Monday’s outing was a visit to Bolivar Flats and the Rookery at High Island. If you have not been to the rookery in April you really can’t imagine the shear number of nesting Roseate Spoonbills, Great Egrets, Snowy Egrets, Neotropic Cormorants, and other species. (I looked for and did not see any Anhingas.) It is nonstop nest-building activity and courtship action for all these birds. The nesting spot is an island with a moat-like waterway separating it from the raised, tree covered mound that runs its length with viewing points stationed every 30 yards or so. I should have recorded the cacophony of bird babble.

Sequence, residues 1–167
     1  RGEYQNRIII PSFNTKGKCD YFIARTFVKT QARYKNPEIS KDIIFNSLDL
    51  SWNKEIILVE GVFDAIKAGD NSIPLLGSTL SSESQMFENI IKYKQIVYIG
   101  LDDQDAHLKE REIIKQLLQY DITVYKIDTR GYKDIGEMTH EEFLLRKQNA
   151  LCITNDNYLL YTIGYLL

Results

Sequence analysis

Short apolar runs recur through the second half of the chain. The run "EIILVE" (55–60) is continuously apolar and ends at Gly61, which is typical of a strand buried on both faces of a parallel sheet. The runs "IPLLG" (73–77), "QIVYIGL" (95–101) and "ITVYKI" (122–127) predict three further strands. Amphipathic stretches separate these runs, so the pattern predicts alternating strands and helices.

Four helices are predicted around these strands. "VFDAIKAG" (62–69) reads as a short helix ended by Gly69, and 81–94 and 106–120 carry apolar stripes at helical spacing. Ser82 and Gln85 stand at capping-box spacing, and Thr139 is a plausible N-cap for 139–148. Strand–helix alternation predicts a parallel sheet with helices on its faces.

It took me a few seconds to notice the ‘gator. He looked suspiciously sated, if you know what I mean.
The Roseates and Great Egrets outnumbered everything else.
I stopped at Boliver Flats early in the morning and it was cool and very windy. Probably the last cool temps we’ll get this year, but darn I needed a jacket!
Yet another life bird for me, and a beautiful specimen too. Would you have cloned out that ruffled spot on his neck? I resisted the urge.
Piping Plover is another lifer for me. And that’s a Sanderling, isn’t it? Peeps: they all look alike to me. I need some serious Sandpiper schooling.
These two remind me of that old SNL bit with Steve Martin and Dan Aykroyd about the “two wild and crazy guys!”
Semipalmated Plover is yet another lifer for me. (The term semipalmated refers to its partly webbed feet.) And it is very surprising to see a Great Blue doing jumping jacks. No mention of that behavior in any of the literature.
* my own casual research concludes that the words bill and beak are pretty much interchangeable terms as applied to most birds, ducks and raptors being the obvious exception.